What about arrows to the knee?
The reality of network latency and massively multiplayer games prevents The Elder Scrolls Online from following the real-time combat model that has driven the series since its inception, but the developers are trying to bring over a few of the concepts that define the franchise’s combat. The stamina bar is the fulcrum around which the entire combat design revolves.
I imagine this tidbit of information is the deal-breaker for many of you. No matter what fancy new twist they put on it, combat in The Elder Scrolls Online
will be very similar to standard MMO conventions. There is a certain element of dynamism and flexibility in managing a stamina resource to sprint, block, interrupt, or break free of an incapacitation at any time, but you’re still putting skills on a hotbar and locking on to the enemy you want to deploy them against.
They’re taking a sort of Guild Wars
approach to assigning skills, however, as you’ll only have a small number of them active and available for use at any one time. Zenimax Online says this gives them more freedom in designing “really cool abilities,” since there is less work to be done balancing them against a handful of other possibilities versus giving players access to a full range of 20+ that can be used at any time. That adds an extra layer of strategy, as you have to choose very carefully which abilities you want to use, though you will be able to arrange them freely outside of combat.
There will be a class system in TES Online
, which is a departure from the free-form character progression introduced with Skyrim
. The stamina bar is important for all classes, while there is also a “finesse” bar that is built up by pulling off advanced maneuvers in combat such as interrupting an enemy spell or blocking a dangerous attack. One of your skill slots will always be occupied by a powerful ability that can only be activated once you’ve filled the finesse bar.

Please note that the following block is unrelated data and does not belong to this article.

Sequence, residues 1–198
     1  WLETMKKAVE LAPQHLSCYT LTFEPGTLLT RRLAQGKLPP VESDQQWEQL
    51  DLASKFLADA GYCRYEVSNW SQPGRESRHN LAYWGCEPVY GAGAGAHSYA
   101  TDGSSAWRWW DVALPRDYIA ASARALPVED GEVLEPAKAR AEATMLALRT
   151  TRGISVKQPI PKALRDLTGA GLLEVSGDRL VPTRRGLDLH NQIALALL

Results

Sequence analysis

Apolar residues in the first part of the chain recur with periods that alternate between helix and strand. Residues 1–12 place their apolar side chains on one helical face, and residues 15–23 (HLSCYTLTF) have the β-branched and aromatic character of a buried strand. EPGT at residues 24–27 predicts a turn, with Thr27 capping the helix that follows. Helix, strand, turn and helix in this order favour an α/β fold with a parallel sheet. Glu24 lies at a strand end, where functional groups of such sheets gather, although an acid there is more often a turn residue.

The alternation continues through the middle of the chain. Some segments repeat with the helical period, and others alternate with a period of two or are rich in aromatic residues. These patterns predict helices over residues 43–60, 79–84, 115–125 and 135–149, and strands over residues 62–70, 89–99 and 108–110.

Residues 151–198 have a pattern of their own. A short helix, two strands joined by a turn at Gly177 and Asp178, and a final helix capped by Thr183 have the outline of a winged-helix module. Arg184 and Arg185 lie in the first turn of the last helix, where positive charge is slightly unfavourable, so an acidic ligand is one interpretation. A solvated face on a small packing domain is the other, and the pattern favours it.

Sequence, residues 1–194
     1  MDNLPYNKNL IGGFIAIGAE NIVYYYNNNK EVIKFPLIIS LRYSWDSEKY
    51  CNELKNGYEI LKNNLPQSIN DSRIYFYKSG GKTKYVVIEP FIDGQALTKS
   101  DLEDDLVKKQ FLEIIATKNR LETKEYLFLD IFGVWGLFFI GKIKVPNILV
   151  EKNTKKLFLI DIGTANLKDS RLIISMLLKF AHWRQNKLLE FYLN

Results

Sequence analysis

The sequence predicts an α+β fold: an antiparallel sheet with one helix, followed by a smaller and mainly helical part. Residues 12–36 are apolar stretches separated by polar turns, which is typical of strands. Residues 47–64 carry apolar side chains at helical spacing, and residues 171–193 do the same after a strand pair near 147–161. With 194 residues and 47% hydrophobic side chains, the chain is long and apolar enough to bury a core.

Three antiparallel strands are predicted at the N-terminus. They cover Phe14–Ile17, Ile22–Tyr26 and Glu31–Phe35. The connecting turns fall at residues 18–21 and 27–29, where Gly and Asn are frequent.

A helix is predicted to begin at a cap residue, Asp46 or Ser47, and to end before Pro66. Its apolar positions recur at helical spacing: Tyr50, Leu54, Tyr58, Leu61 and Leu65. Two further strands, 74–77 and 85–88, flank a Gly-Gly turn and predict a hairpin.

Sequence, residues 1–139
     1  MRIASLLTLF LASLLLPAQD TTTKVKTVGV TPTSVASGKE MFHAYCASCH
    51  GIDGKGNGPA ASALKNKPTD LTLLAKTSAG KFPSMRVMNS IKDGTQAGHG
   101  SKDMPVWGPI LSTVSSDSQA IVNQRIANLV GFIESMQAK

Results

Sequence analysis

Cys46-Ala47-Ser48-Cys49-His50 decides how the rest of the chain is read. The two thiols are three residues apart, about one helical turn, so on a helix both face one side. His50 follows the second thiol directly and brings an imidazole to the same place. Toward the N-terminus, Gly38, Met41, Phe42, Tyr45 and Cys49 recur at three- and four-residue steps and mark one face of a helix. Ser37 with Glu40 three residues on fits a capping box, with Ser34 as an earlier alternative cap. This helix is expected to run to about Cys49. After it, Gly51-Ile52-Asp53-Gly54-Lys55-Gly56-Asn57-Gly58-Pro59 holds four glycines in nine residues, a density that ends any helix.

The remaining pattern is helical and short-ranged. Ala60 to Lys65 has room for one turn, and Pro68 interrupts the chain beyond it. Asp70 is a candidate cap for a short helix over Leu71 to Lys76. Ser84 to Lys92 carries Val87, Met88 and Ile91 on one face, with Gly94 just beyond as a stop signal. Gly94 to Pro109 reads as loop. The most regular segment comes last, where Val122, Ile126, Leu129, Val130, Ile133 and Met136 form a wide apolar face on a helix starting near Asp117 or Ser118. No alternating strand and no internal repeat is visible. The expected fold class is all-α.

Coordinating combo attacks with other players is the most effective way to build finesse; examples given of this include a mage using fire magic to set a rogue’s oil slick ablaze or a fighter using a spinning attack inside a mage’s firestorm to send fireballs flying in every direction. This opens up the opportunity for advanced tactics in PVP, as not only will you be trying to pull off such combos yourself, you’ll be worried about avoiding those being coordinated by your rivals. As for PVE encounters versus AI enemies, Zenimax Online claims they will be just as smart.
“The first and foremost important thing about creatures is that they are not speedbumps,” says gameplay designer Maria Aliprando. “You will encounter the same mechanics from monsters that you will from players.” Enemies work together with general behaviors, like fighters trying to tie foes up in melee while mages shoot from a distance. They also combo their abilities when the opportunity presents itself; the fire mage is only too happy to turn an oil patch his rogue buddy dropped into a deadly blaze.
A big deal here is the fact that they’re trying to avoid the tired MMO convention of ‘aggro’ in PVE combat. In trying to break free from the ‘holy trinity’ of tank/healer/DPS roles in a group, the developers’ goal is to make it possible for any competent group of players to handle most situations. This will have the side effect of placing a higher burden of self-preservation on each player in the absence of a healer, but the idea is to make combat play out in a more natural way, as opposed to “tank pulls agro, healer keeps him alive, everyone else pile on one enemy at a time.”
In the same vein, NPC baddies in dungeons aren’t going to stand around waiting for you to come over at your leisure. Every room is a cohesive encounter, and you will have to simultaneously manage every enemy in the area. Even Game Informer seems skeptical of this notion, remarking that “every MMO developer out there would love to have their monsters do something other than stand around and watch players slaughter their friends 20 yards away.” It is indeed a lofty goal, but considering how far along they are in development, maybe they’re on to something if they feel confident enough to talk about it.